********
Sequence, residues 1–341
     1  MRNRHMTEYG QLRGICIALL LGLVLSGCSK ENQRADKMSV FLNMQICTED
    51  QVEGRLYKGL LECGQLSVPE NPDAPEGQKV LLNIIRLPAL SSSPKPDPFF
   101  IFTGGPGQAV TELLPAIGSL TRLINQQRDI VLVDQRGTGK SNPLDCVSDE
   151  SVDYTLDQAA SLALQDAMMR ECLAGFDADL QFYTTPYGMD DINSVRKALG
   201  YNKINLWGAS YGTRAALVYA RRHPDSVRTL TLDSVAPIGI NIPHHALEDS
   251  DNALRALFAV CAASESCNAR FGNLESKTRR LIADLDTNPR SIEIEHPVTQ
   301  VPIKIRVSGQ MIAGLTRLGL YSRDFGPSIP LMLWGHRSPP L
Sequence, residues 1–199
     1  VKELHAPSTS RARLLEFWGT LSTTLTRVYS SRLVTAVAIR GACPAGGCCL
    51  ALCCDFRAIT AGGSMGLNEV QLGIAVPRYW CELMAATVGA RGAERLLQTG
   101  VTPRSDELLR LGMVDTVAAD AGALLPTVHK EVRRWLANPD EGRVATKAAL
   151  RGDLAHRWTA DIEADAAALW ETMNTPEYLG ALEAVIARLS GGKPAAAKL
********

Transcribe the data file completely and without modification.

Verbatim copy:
Sequence, residues 1–341
     1  MRNRHMTEYG QLRGICIALL LGLVLSGCSK ENQRADKMSV FLNMQICTED
    51  QVEGRLYKGL LECGQLSVPE NPDAPEGQKV LLNIIRLPAL SSSPKPDPFF
   101  IFTGGPGQAV TELLPAIGSL TRLINQQRDI VLVDQRGTGK SNPLDCVSDE
   151  SVDYTLDQAA SLALQDAMMR ECLAGFDADL QFYTTPYGMD DINSVRKALG
   201  YNKINLWGAS YGTRAALVYA RRHPDSVRTL TLDSVAPIGI NIPHHALEDS
   251  DNALRALFAV CAASESCNAR FGNLESKTRR LIADLDTNPR SIEIEHPVTQ
   301  VPIKIRVSGQ MIAGLTRLGL YSRDFGPSIP LMLWGHRSPP L
Sequence, residues 1–199
     1  VKELHAPSTS RARLLEFWGT LSTTLTRVYS SRLVTAVAIR GACPAGGCCL
    51  ALCCDFRAIT AGGSMGLNEV QLGIAVPRYW CELMAATVGA RGAERLLQTG
   101  VTPRSDELLR LGMVDTVAAD AGALLPTVHK EVRRWLANPD EGRVATKAAL
   151  RGDLAHRWTA DIEADAAALW ETMNTPEYLG ALEAVIARLS GGKPAAAKL